[Python-Dev] PEP 443 - Single-dispatch generic functions

Guido van Rossum guido at python.org
Thu May 23 02:55:28 CEST 2013

On Wed, May 22, 2013 at 5:14 PM, Glenn Linderman <v+python at g.nevcal.com> wrote:
> Yet about half of the operator overloads would be incomplete if there were
> not corresponding __r*__ methods (__radd__, __rsub__, etc.) because the
> second parameter is as key to the dispatch as the first.

This (and your subsequent argument) sounds like a typical case of
"perfection is the enemy of the good." Łukasz already pointed out that
for dispatch on multiple arguments, consensus has been elusive, and
there are some strong statements in opposition. While this does not
exclude the possibility that it might be easier to get consensus on
dual-argument dispatch, I think the case for dual-argument dispatch is
still much weaker than that for single-argument dispatch.

The binary operations, which you use as the primary example, are
already special because they correspond to syntactic forms. Python
intentionally does not have a generalized syntax to invoke arbitrary
binary operations, but only supports a small number of predefined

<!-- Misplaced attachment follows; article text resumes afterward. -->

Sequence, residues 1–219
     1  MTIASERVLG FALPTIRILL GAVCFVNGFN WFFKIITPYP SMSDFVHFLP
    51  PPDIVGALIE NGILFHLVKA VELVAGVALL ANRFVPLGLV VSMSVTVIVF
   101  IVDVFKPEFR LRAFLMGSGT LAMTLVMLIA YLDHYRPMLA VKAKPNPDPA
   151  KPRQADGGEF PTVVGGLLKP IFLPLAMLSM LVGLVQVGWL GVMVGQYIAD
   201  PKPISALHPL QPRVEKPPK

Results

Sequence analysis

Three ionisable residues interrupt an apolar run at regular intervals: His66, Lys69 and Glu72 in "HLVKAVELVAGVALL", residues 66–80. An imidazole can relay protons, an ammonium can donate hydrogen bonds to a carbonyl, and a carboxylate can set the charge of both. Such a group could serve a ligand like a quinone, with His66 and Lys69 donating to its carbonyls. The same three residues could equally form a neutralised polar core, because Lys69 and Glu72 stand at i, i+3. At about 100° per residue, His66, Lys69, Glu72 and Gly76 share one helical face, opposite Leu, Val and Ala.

binary operators -- code in other languages (like Haskell) that uses
"unconventional" binary operators is usually hard to read except for

Since the language already offers a way to do dual-argument dispatch
for the predefined operations, your proposed dual-argument dispatch
wouldn't be particularly useful for those. (And retrofitting it would
be a very tricky business, given the many subtleties in the existing
binary operator dispatch -- for example, did you know that there's a
scenario where __radd__ is tried *before* __add__?)

For standard function calls, it would be very odd if dual-dispatch
were supported but multiple-dispatch weren't. In general, 0, 1 and
infinity are fair game for special treatment, but treating 2 special
as well usually smells. So I'd say that Łukasz's single-dispatch
proposal covers a fairly important patch of new ground, while
dual-dispatch is both much harder and less useful. Ergo, Łukasz has
made the right trade-off.

--Guido van Rossum (python.org/~guido)

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